For this sentence,

"The manner in which the government has handled this whole issue, coupled with other concerns, HAVE/HAS left most people puzzled."


Which one, have or has, should I use???


I think in terms of meaning, it is more accurate to use plural; However, it seems that the manner is the subject, so HAS should be used.


Or is it an example of "X and Y ARE. . ."??? 


For X or Y, should I use is/are? what if y is/are plural but x is not


Thank you 

Has have asked Apr 30 '14 at 20:58 alan New member

2 answers


Yes, the subject is manner and the right verb form is has.  The interrupter between the commas can be deleted from the sentence and you will be able to see the answer better.  When the interrupter ends in a plural noun, it can create an awkward sentence.  The best solution is usually to find a different way to write the same thing.


Coupled with other concerns, the manner in which the government has handled this whole issue has left most people puzzled.


I see a bit of a problem with the context of the sentence, though.  Coupled with other concerns indicates that this issue is similar to other concerns.  If the same thing has happened before, why would most people puzzled?  Perhaps you mean something like this:


In light of other recent events, the manner in which the government has handled this issue is concerning to most people.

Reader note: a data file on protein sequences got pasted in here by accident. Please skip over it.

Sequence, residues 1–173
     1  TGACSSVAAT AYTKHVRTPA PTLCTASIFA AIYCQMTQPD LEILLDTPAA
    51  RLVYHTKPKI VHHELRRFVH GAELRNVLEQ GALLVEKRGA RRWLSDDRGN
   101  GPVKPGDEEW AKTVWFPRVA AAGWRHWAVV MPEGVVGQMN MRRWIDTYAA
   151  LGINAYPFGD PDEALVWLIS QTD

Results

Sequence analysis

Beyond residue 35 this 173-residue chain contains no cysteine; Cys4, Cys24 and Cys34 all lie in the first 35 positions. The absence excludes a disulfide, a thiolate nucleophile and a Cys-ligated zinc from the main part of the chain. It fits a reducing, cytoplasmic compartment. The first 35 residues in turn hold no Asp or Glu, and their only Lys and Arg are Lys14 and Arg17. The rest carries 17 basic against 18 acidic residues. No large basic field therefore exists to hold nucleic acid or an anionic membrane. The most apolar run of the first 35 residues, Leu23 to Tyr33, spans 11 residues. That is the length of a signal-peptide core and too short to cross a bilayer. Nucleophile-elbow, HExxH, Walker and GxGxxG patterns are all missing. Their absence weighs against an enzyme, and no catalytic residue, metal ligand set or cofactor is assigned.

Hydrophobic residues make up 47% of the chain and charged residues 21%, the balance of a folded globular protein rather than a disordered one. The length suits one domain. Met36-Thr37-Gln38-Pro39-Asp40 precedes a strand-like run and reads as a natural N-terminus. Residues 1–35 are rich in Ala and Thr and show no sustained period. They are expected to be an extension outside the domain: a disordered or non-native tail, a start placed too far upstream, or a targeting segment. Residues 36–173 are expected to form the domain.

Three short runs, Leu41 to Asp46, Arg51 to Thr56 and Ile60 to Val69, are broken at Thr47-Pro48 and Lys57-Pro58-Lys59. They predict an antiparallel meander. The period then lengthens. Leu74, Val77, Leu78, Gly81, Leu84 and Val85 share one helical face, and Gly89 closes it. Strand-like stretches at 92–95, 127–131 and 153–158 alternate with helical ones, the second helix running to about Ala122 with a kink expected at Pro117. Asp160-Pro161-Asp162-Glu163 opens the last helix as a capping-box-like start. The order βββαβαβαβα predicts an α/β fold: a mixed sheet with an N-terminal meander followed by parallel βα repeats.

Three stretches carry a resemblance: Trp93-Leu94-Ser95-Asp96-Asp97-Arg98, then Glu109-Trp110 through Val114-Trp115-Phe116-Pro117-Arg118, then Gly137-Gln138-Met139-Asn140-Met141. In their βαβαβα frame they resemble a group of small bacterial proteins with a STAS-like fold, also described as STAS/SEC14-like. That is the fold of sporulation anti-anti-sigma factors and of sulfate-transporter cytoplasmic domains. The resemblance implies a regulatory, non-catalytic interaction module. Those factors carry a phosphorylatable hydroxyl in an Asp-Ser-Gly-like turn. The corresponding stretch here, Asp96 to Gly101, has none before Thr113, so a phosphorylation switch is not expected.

"X and Y" is a compound subject - there are two things.  It takes a plural verb.

"X or Y" is one or the other - still only one thing.  It takes a singular verb.

If one is singular and the other is plural, I believe you put the plural one last and use the plural form of the verb.


A clown or two dancing dogs are sent to perform at the party.

link comment answered Apr 30 '14 at 23:10 Patty T Grammarly Fellow

Thank you so much for your answer! It is very helpful. But still I find it quite strange that two completely identical sentenses can be written with two different verbs.

iF I did not misunderstood you, then i guess the following two sentences are both correct:


1. A clown or two dancing dogs ARE sent to perform at the party.


2. Two dancing dogs or a clown IS sent to perform at the party.


Twisted the sentence a bit... what if one or none? Or two or none? should I use singular or plural verb?

link answered May 06 '14 at 18:37 alan New member

It depends on whether "none" refers to "not one" or "not any." I know, the English language is full of weirdness! Here's a page that explains that point:

Patty TMay 06 '14 at 20:15

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